The backgrounds are simple flat bits of cardboard, and those could be scanned easily.

As a fun side-note, there was one game where I didn't need to do any of this stuff, as it'd been ported to...Flash back in 2005 for some weird cross-promotion.
I didn't think I'd end up using a flash decompiler for this project, but here we are!
finding a flash decompiler was surprisingly annoying

The Icon

I used Spline to make the icon:
I have a soft spot for mac icons that have some elements break the squircle pattern

As with everything else related to this project, it looks more like an app than a fangame logo...
I had this "Sonic item monitor containing the mcdonald arches" idea stuck in my head, and I think it looks cool!

3D abstract forms are one of the easiest thing to make in Spline, so it seemed logical to use that to slap some Sonic box art shapes on top as well.
Some icon alternatives
The burger alt is in case mcd lawyers come after my ass

As another fun fact, the texture used for the box is the one from Generations.

Avalonia X-Plat UI fun

While Avalonia allows you to essentially have the same UI/UX on all operating systems, that doesn't mean you can't actually customize things a bit!

I won't pretend to fully follow the Mac HIG with this silly fangame either, but with some tweaks it's fairly easy to go from the default FluentAvalonia Windows-friendly look:
Sonic McOrigins Windows screenshot
to a look that fits on the Mac:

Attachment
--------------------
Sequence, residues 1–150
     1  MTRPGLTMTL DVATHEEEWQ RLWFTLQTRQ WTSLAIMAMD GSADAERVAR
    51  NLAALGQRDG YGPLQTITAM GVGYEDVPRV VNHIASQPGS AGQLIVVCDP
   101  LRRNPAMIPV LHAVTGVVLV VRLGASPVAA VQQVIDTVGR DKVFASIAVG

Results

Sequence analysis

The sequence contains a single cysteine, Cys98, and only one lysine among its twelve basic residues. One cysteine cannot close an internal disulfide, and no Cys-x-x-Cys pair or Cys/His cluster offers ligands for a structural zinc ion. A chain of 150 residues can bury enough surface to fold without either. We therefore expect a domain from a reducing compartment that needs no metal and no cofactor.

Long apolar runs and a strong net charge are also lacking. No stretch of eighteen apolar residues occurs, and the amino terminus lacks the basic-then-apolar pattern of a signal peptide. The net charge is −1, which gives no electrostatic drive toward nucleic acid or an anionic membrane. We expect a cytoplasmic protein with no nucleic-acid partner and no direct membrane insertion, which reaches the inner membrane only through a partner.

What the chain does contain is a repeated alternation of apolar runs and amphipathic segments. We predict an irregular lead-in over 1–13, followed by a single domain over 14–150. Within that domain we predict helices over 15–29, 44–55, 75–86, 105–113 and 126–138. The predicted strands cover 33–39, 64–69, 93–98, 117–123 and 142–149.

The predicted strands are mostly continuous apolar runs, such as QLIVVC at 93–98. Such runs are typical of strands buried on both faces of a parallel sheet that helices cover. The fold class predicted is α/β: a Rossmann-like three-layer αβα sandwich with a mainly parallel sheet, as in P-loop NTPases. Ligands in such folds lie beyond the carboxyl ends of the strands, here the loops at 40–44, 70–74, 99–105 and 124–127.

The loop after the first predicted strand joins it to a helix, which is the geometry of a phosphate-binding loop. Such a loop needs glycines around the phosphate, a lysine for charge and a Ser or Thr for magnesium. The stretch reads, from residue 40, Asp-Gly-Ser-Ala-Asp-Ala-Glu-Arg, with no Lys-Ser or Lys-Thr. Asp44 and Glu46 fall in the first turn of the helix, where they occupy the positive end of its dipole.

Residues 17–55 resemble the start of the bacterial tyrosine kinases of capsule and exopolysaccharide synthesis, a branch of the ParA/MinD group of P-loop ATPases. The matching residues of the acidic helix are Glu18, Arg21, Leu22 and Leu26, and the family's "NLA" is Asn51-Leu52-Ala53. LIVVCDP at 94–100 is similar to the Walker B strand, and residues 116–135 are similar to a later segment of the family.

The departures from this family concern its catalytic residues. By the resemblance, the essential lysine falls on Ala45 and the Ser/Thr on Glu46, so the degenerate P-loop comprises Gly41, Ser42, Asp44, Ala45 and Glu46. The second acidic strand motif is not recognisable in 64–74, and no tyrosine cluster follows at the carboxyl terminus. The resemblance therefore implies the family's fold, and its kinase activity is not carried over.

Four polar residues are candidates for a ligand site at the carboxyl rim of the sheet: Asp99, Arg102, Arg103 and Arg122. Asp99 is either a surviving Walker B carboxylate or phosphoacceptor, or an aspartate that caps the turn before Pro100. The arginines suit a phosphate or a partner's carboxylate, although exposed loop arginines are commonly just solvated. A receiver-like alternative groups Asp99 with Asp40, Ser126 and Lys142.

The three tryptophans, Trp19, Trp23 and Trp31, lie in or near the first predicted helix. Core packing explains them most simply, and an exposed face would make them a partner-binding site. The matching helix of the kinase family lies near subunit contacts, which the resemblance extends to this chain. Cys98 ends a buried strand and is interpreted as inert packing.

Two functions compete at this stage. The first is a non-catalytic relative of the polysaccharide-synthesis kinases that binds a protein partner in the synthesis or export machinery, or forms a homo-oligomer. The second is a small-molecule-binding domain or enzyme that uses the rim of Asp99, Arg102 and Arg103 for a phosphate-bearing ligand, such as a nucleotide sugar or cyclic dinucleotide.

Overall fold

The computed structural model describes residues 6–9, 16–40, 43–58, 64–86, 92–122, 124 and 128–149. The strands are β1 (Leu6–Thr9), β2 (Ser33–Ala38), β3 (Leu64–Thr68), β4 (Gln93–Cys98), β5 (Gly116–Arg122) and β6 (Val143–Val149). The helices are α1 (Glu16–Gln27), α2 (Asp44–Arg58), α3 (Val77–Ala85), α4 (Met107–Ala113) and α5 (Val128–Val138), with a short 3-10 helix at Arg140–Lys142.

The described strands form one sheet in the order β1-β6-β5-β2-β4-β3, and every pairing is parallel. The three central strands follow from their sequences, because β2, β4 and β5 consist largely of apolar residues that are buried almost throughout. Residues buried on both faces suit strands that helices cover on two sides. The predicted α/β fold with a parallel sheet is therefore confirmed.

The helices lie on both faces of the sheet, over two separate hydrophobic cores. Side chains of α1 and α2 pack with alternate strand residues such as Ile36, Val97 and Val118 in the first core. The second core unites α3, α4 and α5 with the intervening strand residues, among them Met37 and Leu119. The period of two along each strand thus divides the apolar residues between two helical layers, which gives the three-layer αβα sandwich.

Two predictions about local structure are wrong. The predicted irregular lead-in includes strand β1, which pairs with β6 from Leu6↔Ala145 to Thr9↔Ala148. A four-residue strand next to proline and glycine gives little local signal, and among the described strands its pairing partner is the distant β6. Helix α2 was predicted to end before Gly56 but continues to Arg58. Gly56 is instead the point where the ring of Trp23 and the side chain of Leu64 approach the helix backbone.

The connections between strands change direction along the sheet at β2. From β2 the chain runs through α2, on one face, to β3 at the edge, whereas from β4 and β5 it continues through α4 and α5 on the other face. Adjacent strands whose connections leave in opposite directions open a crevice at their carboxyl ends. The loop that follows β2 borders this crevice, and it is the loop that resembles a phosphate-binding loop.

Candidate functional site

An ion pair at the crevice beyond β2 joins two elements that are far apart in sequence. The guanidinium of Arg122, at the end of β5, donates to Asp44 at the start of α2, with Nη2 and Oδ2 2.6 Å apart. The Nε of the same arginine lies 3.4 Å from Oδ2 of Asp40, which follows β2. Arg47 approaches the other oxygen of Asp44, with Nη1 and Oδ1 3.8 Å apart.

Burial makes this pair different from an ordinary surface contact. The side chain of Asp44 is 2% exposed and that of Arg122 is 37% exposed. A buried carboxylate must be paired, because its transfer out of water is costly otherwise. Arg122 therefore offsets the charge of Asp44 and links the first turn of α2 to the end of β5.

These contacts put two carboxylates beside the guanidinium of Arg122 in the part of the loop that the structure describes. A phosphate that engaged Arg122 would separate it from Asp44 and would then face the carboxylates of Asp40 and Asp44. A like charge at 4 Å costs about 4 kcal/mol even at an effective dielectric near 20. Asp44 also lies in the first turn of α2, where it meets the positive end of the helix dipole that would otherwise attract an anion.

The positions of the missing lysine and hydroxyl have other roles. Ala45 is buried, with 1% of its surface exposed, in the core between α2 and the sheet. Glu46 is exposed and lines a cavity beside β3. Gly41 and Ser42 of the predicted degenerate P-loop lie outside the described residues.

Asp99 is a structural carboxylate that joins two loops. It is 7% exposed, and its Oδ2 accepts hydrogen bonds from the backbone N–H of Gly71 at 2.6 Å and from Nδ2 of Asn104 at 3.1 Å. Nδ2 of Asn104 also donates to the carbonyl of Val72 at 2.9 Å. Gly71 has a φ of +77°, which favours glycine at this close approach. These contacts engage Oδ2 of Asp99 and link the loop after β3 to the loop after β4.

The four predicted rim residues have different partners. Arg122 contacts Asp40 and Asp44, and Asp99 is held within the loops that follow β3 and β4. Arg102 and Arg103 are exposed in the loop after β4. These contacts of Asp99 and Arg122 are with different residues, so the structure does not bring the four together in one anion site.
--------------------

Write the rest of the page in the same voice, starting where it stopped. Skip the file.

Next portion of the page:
Sonic McOrigins Mac screenshot
Instead of what it'd look like by default:
Sonic McOrigins default Mac screenshot

One might argue that this mostly works just because post Win-11 Windows and post-Big Sur macOS look similar in a lot of ways, but I'll take the easy win here!

Modifying WinUI to fit on macOS does require some retemplating(notably to change the size of the menu items on the left there), but some simple resource overriding will already take you quite a few steps further:

// At app initialization
if (System.OperatingSystem.IsMacOS())
    // Macify the styling a bit
    Resources.Add("ControlContentThemeFontSize", (double)13); // Make the font size smaller
    Resources.Add("ContentControlThemeFontFamily", new FontFamily("SF Pro Text")); // Forbidden Apple font
    Resources.Add("ControlCornerRadius", new CornerRadius(6)); // HIG corner radius
    Resources.Add("NavigationViewContentGridCornerRadius", new CornerRadius(0)); // Remove the navview corner radius so it looks like a straight line instead
    Resources.Add("NavigationViewExpandedPaneBackground", Colors.Transparent);
    Resources.Add("NavigationViewDefaultPaneBackground", Colors.Transparent);

// When instantiating your main window
if (OperatingSystem.IsMacOS())
    // More Macification
    NavigationView.PaneDisplayMode = NavigationViewPaneDisplayMode.Left;
    NavigationView.OpenPaneLength = 248; // Width of the menu
    NavigationView.IsPaneToggleButtonVisible = false; // Leftside menu is always open
    NavigationView.PaneCustomContent.Height = 32; // Custom padding 

    var thm = AvaloniaLocator.Current.GetService<FluentAvaloniaTheme>();
    if (thm?.RequestedTheme == "Dark") // Custom outer border to simulate macOS' dark theme window decoration -- Add this in XAML yourself!
        MacWindowBorder.IsVisible = true;

Another trick involved is to hide the (ugly) default title bar and use custom drag regions to make the window draggable.
You can check the actual source code if you're interested in learning more. 🧑‍💻

I didn't bother on doing something similar for Linux since it's not like Linux has a coherent design language to begin with! OHOHOHOHOHO